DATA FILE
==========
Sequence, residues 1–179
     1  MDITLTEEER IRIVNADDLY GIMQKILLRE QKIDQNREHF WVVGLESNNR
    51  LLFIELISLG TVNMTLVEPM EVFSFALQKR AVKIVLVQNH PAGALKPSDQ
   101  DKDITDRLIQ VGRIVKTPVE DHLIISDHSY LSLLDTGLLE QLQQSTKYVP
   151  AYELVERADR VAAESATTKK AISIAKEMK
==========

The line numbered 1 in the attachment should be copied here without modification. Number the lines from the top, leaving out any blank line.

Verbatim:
Sequence, residues 1–179